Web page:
The Political Life of Canadian Politician George Smitherman - Part 2

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The Political Life of Canadian Politician George Smitherman - Part 2

by Adonis Huggins with contribution by Nea Maaty
(Nea and Adonis are staff journalists with the FOCUS Media Arts Centre)

George Smitherman was the former Toronto Centre Riding Member of Provincial Parliament from 1999 to 2009 (representing the communities of St. Jamestown, Regent Park, Moss Park, Cabbagetown and Church and Wellesley).  George Smitherman was the first openly gay cabinet minister and served as Minister of Health and Long-Term Care from 2003 to 2007 as well as Minister of Energy and Infrastructure from 2008 to 2009. George was also the Deputy Premier of Ontario from 2006 to 2009. George resigned as a MPP to contest the mayoralty of Toronto in 2010, finishing second with 35.6% vote and losing to Doug Ford who won with 41% of the vote.
 
When George Smitherman first received the Liberal Party nomination for Toronto Centre Riding in 1999, it’s fair to say not many residents of riding including Regent Park, Moss Park, St. James Town or Cabbagetown, had an inkling of who he was. George however was no newcomer to politics. George, ever passionate about politics, had served as a liberal party organizer to Premier David Peterson and senior advisor to several federal ministers.  George was also chief of staff and campaign manager to one time Mayor of Toronto, Barbara Hall, an experience that he would take with him to campaign in riding of Toronto Centre as the Liberal Party candidate and much later for the Toronto Mayoralty himself. On June 3, 1999, a Progressive Conservative government under Mike Harris would be re-elected, however Smitherman would succeed in winning the Toronto Centre seat for the Liberals.

It’s fair to say that George Smitherman was a kind of politician that one either felt affinity towards or felt strongly against.  Never one to sit on the fence, George had strong opinions on almost everything. But George was a straight shooter, it was often said that at least you knew where you stood with George. For instance, George did not hide the fact he was gay or had struggled with addictions and mental health. In the legislature George was known for his aggressiveness and gained the reputation “furious George.” George soon became the Liberal Party leader’s right-hand man and would be rewarded in 2003, when the Liberals won the election and Dalton McGuinty was sworn in as the 24th Premier of Ontario.  McGuinty named Smitherman to cabinet appointing him Minister of Health and Long-Term Care, considered one of the most important ministries of the government.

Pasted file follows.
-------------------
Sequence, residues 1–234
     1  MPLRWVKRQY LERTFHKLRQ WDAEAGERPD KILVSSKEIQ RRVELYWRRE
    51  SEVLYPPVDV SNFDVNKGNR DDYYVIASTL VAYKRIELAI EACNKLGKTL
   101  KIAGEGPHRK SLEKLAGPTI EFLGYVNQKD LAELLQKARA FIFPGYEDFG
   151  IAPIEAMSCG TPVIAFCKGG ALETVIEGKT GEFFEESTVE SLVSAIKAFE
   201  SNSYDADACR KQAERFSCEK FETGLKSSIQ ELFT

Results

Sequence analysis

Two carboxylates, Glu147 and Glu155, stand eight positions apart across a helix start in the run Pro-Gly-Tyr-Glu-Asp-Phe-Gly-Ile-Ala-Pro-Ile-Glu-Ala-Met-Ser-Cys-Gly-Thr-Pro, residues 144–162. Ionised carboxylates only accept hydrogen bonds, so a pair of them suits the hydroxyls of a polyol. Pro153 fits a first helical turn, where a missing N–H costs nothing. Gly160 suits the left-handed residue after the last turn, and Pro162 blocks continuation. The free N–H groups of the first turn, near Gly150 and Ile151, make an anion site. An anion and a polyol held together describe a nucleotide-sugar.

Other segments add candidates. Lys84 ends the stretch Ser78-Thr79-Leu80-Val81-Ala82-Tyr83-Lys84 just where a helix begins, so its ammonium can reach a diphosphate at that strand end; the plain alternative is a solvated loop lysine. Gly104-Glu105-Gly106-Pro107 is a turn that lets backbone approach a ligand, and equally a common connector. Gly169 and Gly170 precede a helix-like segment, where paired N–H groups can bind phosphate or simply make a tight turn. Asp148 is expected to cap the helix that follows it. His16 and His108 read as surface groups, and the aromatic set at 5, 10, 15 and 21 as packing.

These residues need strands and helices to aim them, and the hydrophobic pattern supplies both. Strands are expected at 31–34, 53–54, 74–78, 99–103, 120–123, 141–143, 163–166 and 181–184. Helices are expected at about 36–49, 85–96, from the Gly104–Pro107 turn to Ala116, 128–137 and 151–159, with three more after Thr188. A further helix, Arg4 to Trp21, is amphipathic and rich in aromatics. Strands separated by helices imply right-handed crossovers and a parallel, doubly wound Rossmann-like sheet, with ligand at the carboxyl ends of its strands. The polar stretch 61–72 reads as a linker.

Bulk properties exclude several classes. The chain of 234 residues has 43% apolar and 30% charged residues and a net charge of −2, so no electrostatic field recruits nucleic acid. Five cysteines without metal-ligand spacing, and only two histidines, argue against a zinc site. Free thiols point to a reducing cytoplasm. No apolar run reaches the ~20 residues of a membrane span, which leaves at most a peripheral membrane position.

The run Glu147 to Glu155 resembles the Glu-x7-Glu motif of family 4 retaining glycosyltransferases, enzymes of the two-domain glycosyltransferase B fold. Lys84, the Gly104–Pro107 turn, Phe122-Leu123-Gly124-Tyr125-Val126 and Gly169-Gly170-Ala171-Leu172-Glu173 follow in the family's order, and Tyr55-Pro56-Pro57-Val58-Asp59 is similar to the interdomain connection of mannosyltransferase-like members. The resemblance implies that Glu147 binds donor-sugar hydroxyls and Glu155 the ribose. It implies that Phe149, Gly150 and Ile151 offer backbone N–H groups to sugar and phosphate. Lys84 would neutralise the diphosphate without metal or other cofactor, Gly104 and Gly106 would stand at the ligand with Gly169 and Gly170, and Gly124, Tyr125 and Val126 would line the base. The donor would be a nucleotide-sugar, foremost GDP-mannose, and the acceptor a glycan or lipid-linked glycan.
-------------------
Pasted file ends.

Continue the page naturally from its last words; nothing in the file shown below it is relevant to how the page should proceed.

Two important initiatives that Smitherman launched under the high profile leadership as the health minister was, the Wait Times Strategy (2004), focused on reducing wait times for cancer and other surgeries, and the Aging at Home Strategy ( 2007), aimed at enabling seniors to live independent, healthy lives at home through home care and community based services.

Smitherman was an effective politician and communicator but he also did his home work and was well prepared for the antics of the oppositional parties in the legislature, earning him the role of Deputy Premier. Despite Smitherman’s effectiveness in the legislature, he was never able to escape criticism for the failed implementation of eHealth, an electronic health records system devised to improve health care in which the health ministry spent millions on. What the public failed to understand about eHealth, argues George, “is that money had to be spent on the installation of hardware,” which at the time was incredibly lacking in the mid 2000’s.

In 2008, George Smitherman was appointed to the be Minister of Energy and Infrastructure, a super-ministry achieved through the merger of two formerly separate government departments. As Minister, George was responsible for the Green Energy Act, encouraging investment in green energy. The Act would result in making Ontario the leading wind energy jurisdiction in North America.

In 2010, George resigned from cabinet to run for Mayor of Toronto.  Leading up to the elections, public opinion polls, placed Smitherman practically tied with Rob Ford for first place. The Ford campaign would use the eHealth scandal controversy to mislead the public and ultimately George Smitherman would narrowly lose to Rob Ford. Reflecting on the loss, George remains bitter about the campaign, “The Ford people were nasty.”

George would end his political career with one more kick at the can, this time challenging incumbent councillors Kristyn Wong-Tam and Lucy Troisi for the ward’s single seat on council for Ward 13 (representing Regent Park, St. James Town, Moss Park and Cabbagetown). George would come in second to Kristyn Wong-Tam, but this time only winning 15% of the vote.  

 After years of departure from political life, George Smitherman is once again contemplating a return to the riding of Toronto Centre…this time not as a politician but as a resident of St. James Town. Welcome back George!

 

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Video Upload Date: April 30, 2021

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